26 May 2012

Social Mobility. A Good Idea?

Of course, the idea that someone can improve their lot through hard work and aspiration is admirable. And this plays into a sense of fairness and justice that we can all ascribe to.

The question is; would a free flowing social mobility (if it ever existed) excuse massive inequality and real grinding poverty at the bottom end? Would it really be desirable to have people flitting up and down vast chasms of wealth and status?

In a country where the wealthiest 10% have over half the wealth and the poorest 10% just 1%, even if it was possible, would it make us all happier and more secure to know that all of us could move so quickly between luxury and poverty.

Of course, this is not what Cameron and Clegg have in mind anyway. They never mention that social mobility is just about changing places - (as many fall as rise), and not about eliminating poverty in the first place. It is all just a smokescreen to avoid the real issue of poverty.

Thankfully, Ed Miliband has quickly gone on record that reducing inequality should be the real priority, as social mobility not surprisingly is greater in countries that are more equal. This I believe, is one thing his brother David would have hesitated over, even if he said it at all.

The core support for the Tories are not people who believe in rewarding hard work, but people who believe in defending existing wealth at the top end. This is why they attack wealth taxes on inheritance, land and speculation. All areas where profit is made from either sitting on your backsides or anti-social activity that is non productive.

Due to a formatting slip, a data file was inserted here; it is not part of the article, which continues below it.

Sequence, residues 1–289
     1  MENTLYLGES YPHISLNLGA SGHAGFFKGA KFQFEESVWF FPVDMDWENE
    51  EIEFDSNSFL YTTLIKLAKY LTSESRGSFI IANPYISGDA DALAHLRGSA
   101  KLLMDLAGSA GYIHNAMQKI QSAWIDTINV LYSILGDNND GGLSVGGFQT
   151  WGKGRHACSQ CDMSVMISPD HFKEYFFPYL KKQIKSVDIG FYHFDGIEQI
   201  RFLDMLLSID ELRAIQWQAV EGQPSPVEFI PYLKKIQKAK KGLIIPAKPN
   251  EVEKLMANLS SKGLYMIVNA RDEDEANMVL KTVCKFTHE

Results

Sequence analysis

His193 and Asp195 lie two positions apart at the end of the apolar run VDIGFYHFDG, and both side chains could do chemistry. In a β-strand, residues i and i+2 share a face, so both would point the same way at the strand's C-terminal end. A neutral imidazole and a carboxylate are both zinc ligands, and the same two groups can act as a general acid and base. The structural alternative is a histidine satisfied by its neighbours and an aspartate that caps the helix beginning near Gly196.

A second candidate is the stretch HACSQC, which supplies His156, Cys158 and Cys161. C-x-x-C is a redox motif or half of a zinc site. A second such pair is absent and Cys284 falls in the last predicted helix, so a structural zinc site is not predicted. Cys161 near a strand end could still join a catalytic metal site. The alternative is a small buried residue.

Those people who support the Tories who genuinely believe in a meritocracy (Tim Montgomerie?) are destined to be severely disappointed.

As I have mentioned before, we have to make a decision as a civilised society as to how we treat not just those unfairly at the bottom of the heap, but those who genuinely (and not just the obviously disabled) cannot rise upwards. We can either guarantee them an unconditional decent standard of living or continue to grind them into the dirt.

To carry on with the victorian notion of 'undeserving poor' is self defeating and will only increase their numbers. Treat people with dignity and most will respond. Even the rich will benefit from a society where they can relinquish fear of both poverty and the poor.

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